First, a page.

Twelve Years Later – Back on the Routeburn Track

“On a Mish” #275 Twelve Years Later. Key Summit. Fiordland National Park. 24.5.2021. A considerable amount of time had passed between visits to Key Summit on the Routeburn Track with my parents. To say a lot has happened in that time is the understatement of the century! After an unforgettable experience at the Bluff Oyster Festival we all headed north to my home in Te Anau, as Julie and Jeremy (aka my parents) had a few more days in the south before they had to return home. A much different trip to Te Anau for us than last time, as the last time we were all here it was just a passing visit before returning to Christchurch for more hip rehab

Although nowhere near the amount of visitors than pre-covid, the stunning little town by the lake had a far stronger pulse than the last time we were all here together. A good sign of things very slowly returning to a new normal, and very good to see some money flowing through the businesses who are doing it tough at the moment. With only two days available I knew one of those would involve an adventure in Fiordland. The only downside to that is working out which place to go in New Zealand’s largest national park! Realising that it had been twelve years since we walked the famous Routeburn Track together as a family – and also realising that my mission to Sunny Creek (above the Routeburn Track) was my last mission before my accident – the plan was to hike up to Key Summit(918m).

Key Summit. A View that will Take Your Breath-Away

An early-ish start had us on the Milford Road heading north towards the countless peaks which were shrouded in low cloud. Even after a few recent trips up the road I still can’t get used to how quiet the road is at the moment. From town to Eglington Flat we only saw one other car, so we had to stop and take in the sights and the fact that there were zero cars or coaches at the famous view point. Near Lake Gunn we came across a vehicle with questionable driving skills, which immediately took us back to the days of tourist drivers. After taking the 45kph bends around the lake at 30kph, we finally got around the painfully slow obstacle and made for the Routeburn Track car park at the Divide. We drove into a near empty car park, which is a massive change from the usually chocka-block vehicle dump. As we started our hike we noticed this side of the Divide was clear of clouds, and that meant postcard quality views of the mighty Darran Mountains. The cold isn’t kind on my hip, and it took a while to get into a rhythm but once I got going I used the motivation of better views higher up to get me up the mountain. We were constantly rewarded as we progressed along the track, and for the majority of the time we were hiking by ourselves. The reasons why the track is one of the worlds best were blatantly obvious once up on Key Summit(918m). When we stood here together twelve years ago we could only see the plant life and not much else. On this occasion we had cloudless views of the snow capped peaks in the area. After a quick bite to eat we continued on, as the cold southerly wind was slicing its way through any so called ‘weatherproof layer’. At the top Jeremy discovered he was transporting rocks from one part of the park to another – a trick I have played on him before, you’d think he’d know to keep a closer eye on his pack by now! The cold air and downhill travel on the return journey made me grit my teeth with each painful step, but I’ll take a day looking at the Darran Mountains as an achievement and sign of my hip slowly improving. We passed a few people on the way down, and it was good to see other people enjoying the stunning scenery on display. The drive back to Te Anau showed us we were on the right side of the country, as clouds covered the mountains surrounding the Eglington Valley. Twelve years later and the Routeburn Track is still incredible, and it was awesome to show my olds what was hiding behind the clouds all those years ago.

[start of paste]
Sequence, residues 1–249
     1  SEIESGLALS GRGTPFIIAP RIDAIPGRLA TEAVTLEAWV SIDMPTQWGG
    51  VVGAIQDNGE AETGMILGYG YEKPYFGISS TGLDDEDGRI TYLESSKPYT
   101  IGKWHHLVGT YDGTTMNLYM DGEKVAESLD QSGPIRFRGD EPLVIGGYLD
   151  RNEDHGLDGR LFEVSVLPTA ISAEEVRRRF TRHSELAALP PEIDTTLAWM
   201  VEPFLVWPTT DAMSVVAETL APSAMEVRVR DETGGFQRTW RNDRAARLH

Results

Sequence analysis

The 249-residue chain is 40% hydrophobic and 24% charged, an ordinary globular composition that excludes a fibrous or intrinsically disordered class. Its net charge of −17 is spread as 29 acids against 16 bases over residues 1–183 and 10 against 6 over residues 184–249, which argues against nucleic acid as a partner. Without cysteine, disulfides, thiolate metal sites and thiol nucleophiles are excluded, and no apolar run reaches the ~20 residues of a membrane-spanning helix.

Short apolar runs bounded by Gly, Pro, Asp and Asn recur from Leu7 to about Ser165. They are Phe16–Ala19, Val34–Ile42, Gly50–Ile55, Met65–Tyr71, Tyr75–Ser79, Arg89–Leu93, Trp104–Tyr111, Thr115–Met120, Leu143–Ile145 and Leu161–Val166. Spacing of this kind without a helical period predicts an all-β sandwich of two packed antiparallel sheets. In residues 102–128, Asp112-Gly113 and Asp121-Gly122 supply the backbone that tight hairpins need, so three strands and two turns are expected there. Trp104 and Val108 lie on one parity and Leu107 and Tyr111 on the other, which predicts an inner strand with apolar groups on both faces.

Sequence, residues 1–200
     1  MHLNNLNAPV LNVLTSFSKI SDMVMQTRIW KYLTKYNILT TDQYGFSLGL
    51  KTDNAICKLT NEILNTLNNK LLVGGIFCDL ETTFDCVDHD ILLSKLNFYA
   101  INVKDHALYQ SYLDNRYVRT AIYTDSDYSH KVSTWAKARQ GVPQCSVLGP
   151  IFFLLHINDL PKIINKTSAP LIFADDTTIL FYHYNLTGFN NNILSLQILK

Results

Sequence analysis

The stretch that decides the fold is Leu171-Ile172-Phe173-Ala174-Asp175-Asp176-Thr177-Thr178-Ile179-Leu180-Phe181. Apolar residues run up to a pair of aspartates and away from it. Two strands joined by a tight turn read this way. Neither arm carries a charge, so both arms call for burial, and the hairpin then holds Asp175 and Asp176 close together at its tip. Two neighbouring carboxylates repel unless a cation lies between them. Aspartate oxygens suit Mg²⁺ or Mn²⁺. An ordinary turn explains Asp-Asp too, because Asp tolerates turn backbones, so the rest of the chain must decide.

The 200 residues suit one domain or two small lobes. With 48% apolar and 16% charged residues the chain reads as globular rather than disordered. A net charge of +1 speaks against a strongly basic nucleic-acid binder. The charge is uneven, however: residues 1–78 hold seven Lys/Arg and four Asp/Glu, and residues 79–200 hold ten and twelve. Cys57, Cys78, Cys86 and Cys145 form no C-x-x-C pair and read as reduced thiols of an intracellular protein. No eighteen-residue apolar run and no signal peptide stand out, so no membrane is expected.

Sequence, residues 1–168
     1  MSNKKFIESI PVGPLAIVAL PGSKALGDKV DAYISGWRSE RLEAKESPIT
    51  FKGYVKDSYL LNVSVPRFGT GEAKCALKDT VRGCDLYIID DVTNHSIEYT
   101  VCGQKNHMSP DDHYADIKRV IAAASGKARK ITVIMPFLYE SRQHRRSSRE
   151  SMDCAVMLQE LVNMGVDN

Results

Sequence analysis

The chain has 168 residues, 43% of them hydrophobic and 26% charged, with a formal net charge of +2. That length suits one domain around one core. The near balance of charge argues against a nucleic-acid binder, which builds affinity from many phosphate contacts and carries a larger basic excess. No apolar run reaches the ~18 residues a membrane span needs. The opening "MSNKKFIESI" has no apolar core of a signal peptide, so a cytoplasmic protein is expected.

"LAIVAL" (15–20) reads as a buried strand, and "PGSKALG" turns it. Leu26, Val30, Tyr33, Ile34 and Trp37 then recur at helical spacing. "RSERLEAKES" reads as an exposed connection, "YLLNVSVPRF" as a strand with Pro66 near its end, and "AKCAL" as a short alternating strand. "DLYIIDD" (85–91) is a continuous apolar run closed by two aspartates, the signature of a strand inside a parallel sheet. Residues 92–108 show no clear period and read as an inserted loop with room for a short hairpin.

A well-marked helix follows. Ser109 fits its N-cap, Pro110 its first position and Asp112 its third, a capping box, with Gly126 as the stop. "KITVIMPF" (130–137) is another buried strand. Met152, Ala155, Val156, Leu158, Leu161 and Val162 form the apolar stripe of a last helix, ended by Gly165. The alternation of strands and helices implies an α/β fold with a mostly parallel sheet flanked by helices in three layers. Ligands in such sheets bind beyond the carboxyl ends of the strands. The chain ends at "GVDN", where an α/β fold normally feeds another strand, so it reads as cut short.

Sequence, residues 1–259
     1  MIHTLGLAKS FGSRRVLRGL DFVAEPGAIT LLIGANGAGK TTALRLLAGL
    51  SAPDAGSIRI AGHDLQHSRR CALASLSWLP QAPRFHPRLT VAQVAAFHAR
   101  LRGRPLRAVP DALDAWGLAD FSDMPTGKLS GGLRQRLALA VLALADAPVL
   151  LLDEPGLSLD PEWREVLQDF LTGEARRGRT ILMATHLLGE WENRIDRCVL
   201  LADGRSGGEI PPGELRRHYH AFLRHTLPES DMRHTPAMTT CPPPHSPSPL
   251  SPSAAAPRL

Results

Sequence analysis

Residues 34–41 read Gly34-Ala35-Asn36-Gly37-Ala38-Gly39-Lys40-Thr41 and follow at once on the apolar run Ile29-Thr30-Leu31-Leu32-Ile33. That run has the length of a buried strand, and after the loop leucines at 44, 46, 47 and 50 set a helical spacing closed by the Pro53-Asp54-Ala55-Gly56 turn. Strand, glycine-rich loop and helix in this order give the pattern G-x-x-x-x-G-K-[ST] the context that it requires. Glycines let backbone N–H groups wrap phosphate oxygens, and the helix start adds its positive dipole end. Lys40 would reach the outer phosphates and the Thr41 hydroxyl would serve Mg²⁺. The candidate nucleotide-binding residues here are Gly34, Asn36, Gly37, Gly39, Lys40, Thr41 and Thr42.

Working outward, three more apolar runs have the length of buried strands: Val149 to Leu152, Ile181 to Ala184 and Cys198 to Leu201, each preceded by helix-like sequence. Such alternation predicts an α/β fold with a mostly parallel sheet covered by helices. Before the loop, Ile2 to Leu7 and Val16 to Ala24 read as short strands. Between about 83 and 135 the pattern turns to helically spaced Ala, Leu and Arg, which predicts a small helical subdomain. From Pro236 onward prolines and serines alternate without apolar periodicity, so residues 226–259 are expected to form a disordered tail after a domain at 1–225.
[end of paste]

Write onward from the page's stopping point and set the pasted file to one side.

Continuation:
New Zealand. What a place to explore!

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